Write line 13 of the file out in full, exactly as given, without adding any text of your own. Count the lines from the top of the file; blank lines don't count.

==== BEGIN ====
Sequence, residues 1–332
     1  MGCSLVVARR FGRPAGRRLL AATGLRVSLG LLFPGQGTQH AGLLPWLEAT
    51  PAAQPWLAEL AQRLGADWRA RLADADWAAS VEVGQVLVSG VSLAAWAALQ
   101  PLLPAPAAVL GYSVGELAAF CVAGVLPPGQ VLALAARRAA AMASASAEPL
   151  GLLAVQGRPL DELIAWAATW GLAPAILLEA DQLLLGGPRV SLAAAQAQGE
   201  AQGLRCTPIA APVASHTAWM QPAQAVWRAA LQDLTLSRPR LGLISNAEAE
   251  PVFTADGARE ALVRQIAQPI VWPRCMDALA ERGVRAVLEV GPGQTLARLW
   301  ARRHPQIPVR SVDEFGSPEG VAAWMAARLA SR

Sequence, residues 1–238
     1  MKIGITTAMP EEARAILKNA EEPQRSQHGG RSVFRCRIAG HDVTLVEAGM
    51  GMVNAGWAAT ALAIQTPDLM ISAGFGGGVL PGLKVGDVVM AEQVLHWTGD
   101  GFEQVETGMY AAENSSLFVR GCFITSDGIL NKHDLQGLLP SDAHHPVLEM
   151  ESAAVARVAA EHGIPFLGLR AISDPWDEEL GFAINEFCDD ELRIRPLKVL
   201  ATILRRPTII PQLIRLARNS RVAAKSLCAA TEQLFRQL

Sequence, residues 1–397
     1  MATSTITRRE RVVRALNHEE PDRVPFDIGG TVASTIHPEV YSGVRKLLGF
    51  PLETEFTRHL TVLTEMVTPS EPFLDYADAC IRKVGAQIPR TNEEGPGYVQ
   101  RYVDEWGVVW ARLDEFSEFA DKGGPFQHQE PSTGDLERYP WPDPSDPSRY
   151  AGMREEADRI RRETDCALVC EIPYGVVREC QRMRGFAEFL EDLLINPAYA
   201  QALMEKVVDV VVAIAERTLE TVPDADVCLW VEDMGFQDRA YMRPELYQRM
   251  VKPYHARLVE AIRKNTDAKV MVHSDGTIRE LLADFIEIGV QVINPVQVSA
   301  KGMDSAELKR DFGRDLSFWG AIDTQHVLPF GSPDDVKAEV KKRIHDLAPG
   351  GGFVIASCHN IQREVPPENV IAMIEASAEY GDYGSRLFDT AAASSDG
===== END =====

   151  ESAAVARVAA EHGIPFLGLR AISDPWDEEL GFAINEFCDD ELRIRPLKVL